I also think that integrating social construction theories is crucial to a dialogue about identity. For feminist teachers and students, identity construction and socialization should be of key interest and should provoke investigation. Critically thinking about the construction of gender, power, hierarchy, and patriarchy can awaken students to new ways of viewing and producing knowledge. I think that by constructing and (de)constructing the subject, students can see and theorize the ways that their own identity has been constructed by cultural and historical forces. It also encourages a political activism that critically questions institutions and constructions of power and oppression.

These are two links for You Tube videos that illustrate the social construction of gender roles. Both look at Disney films as their text. The first clip explores messages that males receive from watching the gendered roles in the films. It focuses on how masculinity and dominance are glorified and constructed within Disney films. The second clip is a girl’s tribute to her favorite romantic Disney clips. I chose this to show how hetero-normative relationships are portrayed in Disney films. The message that is “cherished” by the creator of the clip is problematic. It sends the message that all relationships should look like this in order to be deemed “normal”. It also has pretty stereotypical images of needy, weak, beautiful women that need to be rescued or saved by strong men. Both clips could be used by feminist teachers to illustrate how gender roles are socially constructed. Enjoy!

C) Why should we integrate psychoanalysis into feminist pedagogies?

In addition to integrating history and social construction theories into feminist discourse, I also excitedly argue that psychoanalysis has a place within feminist pedagogy. Psychoanalysis has a wealth of ideas and theories to question and (de)construct identity formation. In my personal research, I’ve found that Britzman and Anna Freud have a great deal to add to feminist pedagogy. In reflecting on their own education, feminist teachers can use concepts from psychoanalysis to name processes that take place in the classroom apart from the curriculum. Britzman and Pitt argue (1996) that transference between students and the teacher characterize learning and that psychoanalysis is relevant in education because “teachers cannot anticipate how their students affect them and how they affect their students; it is only in the pedagogical relation that one begins to encounter one’s self as a teacher” (p. 118). By acknowledging that transference, projection, displacement, and sublimination are present in the pedagogical space, feminist teachers can (de)construct and (re)construct old and new knowledge. I believe that psychoanalysis can be integrated into feminist theory by explicitly realizing that there are unconscious processes that go on in the classroom. I believe that feminist theorists should advocate for spaces where teachers can experience a “working through” of one’s own painful education. Another interesting dimension of psychoanalysis is that it describes learning and education as a painful process because old knowledge is replaced with new knowledge. This makes similar connections to Villaverde’s (2008) call for a dislodging or jarring of old knowledge. Psychoanalysis gives feminist pedagogy some new tools to analyze and critique the psychic processes that accompany education. Britzman and Pitt argued (1996) that “at the center of our pedagogical adventure of insight lies the seemingly paradoxical assumption that learning how one learns from the lives, histories, cultures, and dilemmas of others involves a close study of one’s own conditions of learning” (p. 119).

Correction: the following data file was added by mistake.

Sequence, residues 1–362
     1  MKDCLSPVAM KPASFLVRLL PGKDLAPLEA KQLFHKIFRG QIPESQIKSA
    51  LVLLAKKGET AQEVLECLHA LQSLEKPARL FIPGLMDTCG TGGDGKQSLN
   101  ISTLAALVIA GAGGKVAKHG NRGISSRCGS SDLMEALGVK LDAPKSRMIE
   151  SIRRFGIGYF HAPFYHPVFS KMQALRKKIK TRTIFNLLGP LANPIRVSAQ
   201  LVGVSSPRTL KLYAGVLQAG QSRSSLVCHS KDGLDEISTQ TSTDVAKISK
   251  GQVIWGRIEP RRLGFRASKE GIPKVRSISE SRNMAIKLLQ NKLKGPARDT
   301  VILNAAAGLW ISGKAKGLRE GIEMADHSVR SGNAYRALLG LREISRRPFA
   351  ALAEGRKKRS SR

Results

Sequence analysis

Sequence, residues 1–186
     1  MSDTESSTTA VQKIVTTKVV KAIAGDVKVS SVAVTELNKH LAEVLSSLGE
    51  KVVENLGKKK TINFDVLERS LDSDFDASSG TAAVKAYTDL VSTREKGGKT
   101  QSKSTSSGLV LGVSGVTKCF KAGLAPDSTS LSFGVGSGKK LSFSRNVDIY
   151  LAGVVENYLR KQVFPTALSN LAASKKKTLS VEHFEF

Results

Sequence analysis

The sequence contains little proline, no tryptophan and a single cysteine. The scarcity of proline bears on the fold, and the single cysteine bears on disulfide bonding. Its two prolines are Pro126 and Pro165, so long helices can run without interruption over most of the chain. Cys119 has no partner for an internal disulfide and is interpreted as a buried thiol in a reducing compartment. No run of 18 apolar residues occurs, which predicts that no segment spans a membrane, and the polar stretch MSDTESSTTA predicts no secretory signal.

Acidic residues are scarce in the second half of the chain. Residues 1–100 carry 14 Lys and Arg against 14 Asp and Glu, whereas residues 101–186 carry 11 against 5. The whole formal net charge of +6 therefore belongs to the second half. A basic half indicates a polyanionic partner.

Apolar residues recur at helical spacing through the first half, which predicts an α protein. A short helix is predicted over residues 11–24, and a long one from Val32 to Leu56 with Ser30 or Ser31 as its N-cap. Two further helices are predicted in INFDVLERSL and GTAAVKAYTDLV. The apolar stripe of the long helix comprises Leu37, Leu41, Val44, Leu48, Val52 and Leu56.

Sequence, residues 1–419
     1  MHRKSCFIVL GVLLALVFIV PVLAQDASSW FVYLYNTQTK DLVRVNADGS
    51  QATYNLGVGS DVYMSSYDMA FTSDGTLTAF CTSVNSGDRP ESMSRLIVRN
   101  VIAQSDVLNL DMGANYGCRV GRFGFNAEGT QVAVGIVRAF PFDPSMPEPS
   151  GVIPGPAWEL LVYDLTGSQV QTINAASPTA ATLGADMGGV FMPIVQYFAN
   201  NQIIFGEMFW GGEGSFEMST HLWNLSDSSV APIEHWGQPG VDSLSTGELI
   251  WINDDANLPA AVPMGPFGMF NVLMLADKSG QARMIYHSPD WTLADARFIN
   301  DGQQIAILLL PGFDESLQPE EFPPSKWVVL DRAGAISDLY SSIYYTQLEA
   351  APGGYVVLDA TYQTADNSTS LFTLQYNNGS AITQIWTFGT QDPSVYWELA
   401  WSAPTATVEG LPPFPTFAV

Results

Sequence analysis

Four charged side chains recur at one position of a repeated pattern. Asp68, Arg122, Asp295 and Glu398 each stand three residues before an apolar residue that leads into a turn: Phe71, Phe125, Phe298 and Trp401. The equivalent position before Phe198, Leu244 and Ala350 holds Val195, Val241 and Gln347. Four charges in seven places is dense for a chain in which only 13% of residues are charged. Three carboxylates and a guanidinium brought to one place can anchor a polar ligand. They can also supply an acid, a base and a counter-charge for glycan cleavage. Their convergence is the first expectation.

While feminist theory has questioned assumptions of Freud and other psychoanalysts in the past, I argue that interrogating psychoanalysis has great theoretical benefits to feminist pedagogy. Psychoanalysis can be used to better understand peoples’ lived experiences and the formation of self-identities. I also see psychoanalysis as a beneficial tool in the development of a critical consciousness. In creating spaces to discuss childhood memories and past experiences of education as a student, feminist teachers can allow students that are now teachers to reflect of how these experiences may impact their pedagogy. I think that discussing the unconscious from a theoretical perspective allows learners to better see constructions of power and oppression as well. I also believe that object-relations theorists and psychoanalysts can contribute to the discussion of self-discovery and creativity in pedagogical spaces.

Psychoanalysts that can contribute to feminist theories: (From left to right: Britzman, Freud, A., Klein, Lacan, and Winnicott)

So what? Why does it matter?

In my above exploration into why history, social construction of the subject, and psychoanalysis is necessary to integrate into feminist pedagogy, I gave many reasons why it is important to do this. Listed below are a few of the reasons I described above.

  • HISTORY matters to feminist pedagogy because:
    • As a culture we should learn from history and actively challenge its interpretation.
    • We can understand the evolution and progression (or regression) of cultural phenomena over time.